The Arizona Wildcats figured they would need multiple players to replace the shooting and scoring of Jemarl Baker Jr., but Bennedict Mathurin did it himself on Thursday.
Making his first career start, the freshman dropped a career-high 31 points in the 98-64 win at Oregon State. That was just a bucket shy of Baker’s best night of the season, his 33-point outburst in the win over NAU.
And in Baker-like fashion, Mathurin did most of his damage at the 3-point line by draining six of his seven 3-point attempts as part of a 10 for 12 shooting night.
He also made five of six free throws, had eight rebounds, a steal and a rejection that was part of a jaw-dropping sequence. Mathurin soared for a chasedown block, then bolted back in transition where James Akinjo rewarded him by finding him for a 3 on the wing.
Mathurin jabstepped his defender before burying the triple, showing a cool confidence that you don’t often see from freshmen.
Holy crap this sequence by Bennedict Mathurin pic.twitter.com/yjOshBb3KP— Ryan Kelapire (@RKelapire) January 15, 2021
“He’s starting to really develop into a special player,” said head coach Sean Miller, who called it the play of the game. “Tonight, it wasn’t that he was just red hot. I thought he really let the game come to him. His teammates found him and I was also equally happy with his improvement defensively. As he’s out there a little bit more, I think he’s more sure of himself as a defender.”
You can’t really call it a breakout game. Mathurin has been doing this for a while. He entered Thursday as Arizona’s fourth-leading rebounder and scorer, but actually their best scorer on a per-minute basis while shooting efficiently at all three levels.
He just wasn’t playing that much.
Miller had liked how Mathurin was providing a scoring punch off the bench. However, Baker’s season-ending wrist injury yielded a perfect opportunity to give Mathurin a bigger role, and it couldn’t have worked out any better.
He opened Thursday’s game with a layup, 3 and transition dunk to give the Wildcats an early 7-0 lead that eventually ballooned into a 15-0 cushion.
“I felt like I could step up without Jemarl Baker and I just went on the court to do what I could do,” Mathurin said.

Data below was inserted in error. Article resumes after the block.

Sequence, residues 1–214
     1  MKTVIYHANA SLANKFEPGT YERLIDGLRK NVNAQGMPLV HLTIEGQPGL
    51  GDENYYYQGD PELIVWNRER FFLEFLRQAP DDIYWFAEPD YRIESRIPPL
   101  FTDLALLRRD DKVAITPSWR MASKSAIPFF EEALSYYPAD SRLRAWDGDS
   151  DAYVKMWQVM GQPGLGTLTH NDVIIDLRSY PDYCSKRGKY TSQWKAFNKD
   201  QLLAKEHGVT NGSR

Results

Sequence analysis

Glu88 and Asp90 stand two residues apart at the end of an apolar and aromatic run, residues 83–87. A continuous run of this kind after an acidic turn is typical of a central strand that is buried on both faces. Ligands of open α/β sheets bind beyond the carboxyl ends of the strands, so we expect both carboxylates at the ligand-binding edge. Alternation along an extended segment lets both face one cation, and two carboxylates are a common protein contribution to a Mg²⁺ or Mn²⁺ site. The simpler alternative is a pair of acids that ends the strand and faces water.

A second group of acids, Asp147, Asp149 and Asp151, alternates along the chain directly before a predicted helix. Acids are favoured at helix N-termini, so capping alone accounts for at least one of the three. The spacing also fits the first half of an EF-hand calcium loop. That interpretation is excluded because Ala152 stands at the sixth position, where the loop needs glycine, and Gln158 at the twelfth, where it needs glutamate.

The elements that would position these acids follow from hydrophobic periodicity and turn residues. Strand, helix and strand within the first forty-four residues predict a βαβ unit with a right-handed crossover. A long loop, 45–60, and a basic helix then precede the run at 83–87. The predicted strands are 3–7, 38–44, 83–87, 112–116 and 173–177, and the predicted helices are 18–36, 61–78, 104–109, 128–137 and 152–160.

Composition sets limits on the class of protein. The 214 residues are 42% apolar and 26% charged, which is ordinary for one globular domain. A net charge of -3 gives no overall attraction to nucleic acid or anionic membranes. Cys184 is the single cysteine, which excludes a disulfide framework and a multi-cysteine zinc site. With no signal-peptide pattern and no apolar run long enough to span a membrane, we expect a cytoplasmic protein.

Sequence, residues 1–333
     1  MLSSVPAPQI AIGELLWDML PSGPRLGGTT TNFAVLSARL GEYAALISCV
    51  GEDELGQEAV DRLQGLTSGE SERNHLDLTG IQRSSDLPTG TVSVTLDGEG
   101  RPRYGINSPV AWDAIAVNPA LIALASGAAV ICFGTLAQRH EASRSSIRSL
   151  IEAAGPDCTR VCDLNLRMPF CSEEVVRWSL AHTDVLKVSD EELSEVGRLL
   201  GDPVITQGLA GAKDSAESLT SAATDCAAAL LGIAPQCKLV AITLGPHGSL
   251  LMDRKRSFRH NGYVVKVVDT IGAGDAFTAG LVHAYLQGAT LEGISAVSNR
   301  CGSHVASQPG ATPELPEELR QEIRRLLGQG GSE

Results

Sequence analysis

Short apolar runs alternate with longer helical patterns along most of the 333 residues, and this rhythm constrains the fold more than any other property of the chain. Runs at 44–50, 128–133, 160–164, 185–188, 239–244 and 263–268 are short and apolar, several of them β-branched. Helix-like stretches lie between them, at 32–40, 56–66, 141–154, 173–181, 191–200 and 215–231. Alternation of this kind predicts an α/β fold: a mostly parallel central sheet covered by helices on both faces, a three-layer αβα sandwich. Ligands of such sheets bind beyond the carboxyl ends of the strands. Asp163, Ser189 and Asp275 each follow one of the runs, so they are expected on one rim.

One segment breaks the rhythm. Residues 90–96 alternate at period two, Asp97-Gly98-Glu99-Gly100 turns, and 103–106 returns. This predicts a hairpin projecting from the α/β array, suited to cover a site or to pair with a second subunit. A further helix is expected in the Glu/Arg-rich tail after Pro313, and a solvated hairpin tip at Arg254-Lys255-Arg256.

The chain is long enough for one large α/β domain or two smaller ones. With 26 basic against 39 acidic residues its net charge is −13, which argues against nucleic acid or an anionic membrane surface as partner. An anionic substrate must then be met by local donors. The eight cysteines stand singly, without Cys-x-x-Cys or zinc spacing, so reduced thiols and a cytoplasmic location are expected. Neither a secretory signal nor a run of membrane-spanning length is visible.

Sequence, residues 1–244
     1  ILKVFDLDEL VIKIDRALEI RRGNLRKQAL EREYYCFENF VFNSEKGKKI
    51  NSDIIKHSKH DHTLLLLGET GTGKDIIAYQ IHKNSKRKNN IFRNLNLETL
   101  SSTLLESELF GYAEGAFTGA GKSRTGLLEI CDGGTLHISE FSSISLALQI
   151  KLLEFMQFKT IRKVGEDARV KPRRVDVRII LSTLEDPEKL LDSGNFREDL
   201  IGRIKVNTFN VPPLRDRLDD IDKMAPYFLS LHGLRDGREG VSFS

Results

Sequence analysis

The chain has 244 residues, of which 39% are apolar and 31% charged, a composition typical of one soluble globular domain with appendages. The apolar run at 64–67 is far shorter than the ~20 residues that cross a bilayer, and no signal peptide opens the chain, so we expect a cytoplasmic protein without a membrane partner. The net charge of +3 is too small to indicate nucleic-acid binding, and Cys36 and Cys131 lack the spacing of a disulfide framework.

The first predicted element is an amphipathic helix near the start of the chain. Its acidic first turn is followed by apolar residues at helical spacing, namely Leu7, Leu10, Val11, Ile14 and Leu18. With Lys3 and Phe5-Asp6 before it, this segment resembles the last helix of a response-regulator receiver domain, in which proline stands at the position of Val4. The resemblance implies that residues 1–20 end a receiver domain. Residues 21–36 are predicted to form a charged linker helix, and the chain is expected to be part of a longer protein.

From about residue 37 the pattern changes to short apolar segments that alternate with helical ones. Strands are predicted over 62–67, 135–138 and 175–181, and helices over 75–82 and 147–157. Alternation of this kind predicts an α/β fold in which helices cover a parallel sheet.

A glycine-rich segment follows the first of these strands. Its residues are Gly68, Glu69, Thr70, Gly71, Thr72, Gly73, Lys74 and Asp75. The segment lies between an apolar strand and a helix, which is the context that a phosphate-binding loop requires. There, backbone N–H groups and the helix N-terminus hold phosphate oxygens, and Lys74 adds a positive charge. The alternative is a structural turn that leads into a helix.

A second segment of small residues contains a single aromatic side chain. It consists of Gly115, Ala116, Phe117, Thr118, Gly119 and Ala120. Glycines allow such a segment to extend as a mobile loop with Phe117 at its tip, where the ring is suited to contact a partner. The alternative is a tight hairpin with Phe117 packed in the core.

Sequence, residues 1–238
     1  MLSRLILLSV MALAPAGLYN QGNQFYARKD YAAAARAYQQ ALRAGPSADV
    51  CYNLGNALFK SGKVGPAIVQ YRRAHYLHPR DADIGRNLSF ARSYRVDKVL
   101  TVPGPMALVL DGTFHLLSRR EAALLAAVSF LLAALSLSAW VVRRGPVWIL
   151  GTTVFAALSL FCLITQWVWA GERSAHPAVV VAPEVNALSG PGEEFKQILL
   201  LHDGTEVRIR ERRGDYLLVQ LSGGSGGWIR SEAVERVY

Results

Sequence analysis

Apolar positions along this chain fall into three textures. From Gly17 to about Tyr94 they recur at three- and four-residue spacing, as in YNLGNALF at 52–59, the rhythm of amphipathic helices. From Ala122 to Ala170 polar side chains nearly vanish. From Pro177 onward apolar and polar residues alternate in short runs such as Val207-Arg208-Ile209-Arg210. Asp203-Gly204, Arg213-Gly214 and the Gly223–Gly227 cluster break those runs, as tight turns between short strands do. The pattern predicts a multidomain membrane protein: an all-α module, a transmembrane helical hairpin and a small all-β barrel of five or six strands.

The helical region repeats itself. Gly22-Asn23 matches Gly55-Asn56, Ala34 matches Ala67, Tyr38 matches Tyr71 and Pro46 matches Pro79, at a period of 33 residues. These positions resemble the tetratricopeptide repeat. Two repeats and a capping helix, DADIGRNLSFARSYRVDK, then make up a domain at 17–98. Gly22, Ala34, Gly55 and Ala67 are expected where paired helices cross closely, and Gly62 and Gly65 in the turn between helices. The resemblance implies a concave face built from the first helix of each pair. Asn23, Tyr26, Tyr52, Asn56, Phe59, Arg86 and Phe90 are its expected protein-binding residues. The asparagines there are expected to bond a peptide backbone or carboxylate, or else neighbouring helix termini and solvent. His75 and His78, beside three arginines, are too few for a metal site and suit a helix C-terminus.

It was Mathurin’s fourth double-digit scoring night in his last five games. During that stretch he is averaging 17.4 points, 6.0 rebounds and 1.6 steals per game with a shooting line of .600/.565/.870. And that’s only in 27.4 minutes per game.
KenPom considered his stat line Thursday as the best in the country. Was it even his best of the season?
Less than two weeks ago, Mathurin had 24 points and 11 rebounds in the double overtime win at Washington State, playing crucial minutes at power forward even though he is listed at 6-foot-7, 195 pounds. His versatility makes him all the more valuable.
“He’s a great kid, he’s a tough kid,” Miller said. “He played at the NBA Academy in Mexico City, so he traveled the world, was well coached there, was well disciplined in school, and he’s got a really strong family behind him. But on top of his strong family, him being at the NBA Academy I really think sped up his development. You have to remember Benn and Dalen (Terry) are both 18, and I don’t think we’ve had somebody that young here. So he really should be a senior in high school, and I think he obviously has a very, very bright future.”
Yes, Mathurin’s physical tools are obvious. He’s a long, quick-twitch athlete who can jump out of the gym. He got plenty of air when he threw down an alley-oop in transition Thursday.
But maybe the most surprising part of his game is his 3-point shooting. He is 20 for 42 from that range, an elite 48% conversion rate.
That was only considered a developing part of his game when he was a lightly recruited four-star prospect. At least that’s what some scouting services said.
“If you just look at Benn’s shot, and Benn has a great looking shot, he’s going to be a very, very good shooter,” Miller said. “He’s at the beginning stages of it, but yes we believe in his shot. He’s proven it games. He’s proven it in the drills that we do, the way we practice just shooting. And he’s put in a lot of time with our staff. You know, early in the morning, before practice, after practice, where I think some of it is improved. Some of it is when you have a shot like his, I mean sky’s the limit. It wouldn’t surprise me if, when he leaves us, that he doesn’t go on to be a long term really good 3-point shooter.”
At this rate, that could be sooner rather than later.
“I’ve been at the gym a lot lately,” Mathurin said. “So I was working on my shot, working on things like layups and jump shots. I feel every time I’m going to the gym I’m getting more and more confident.”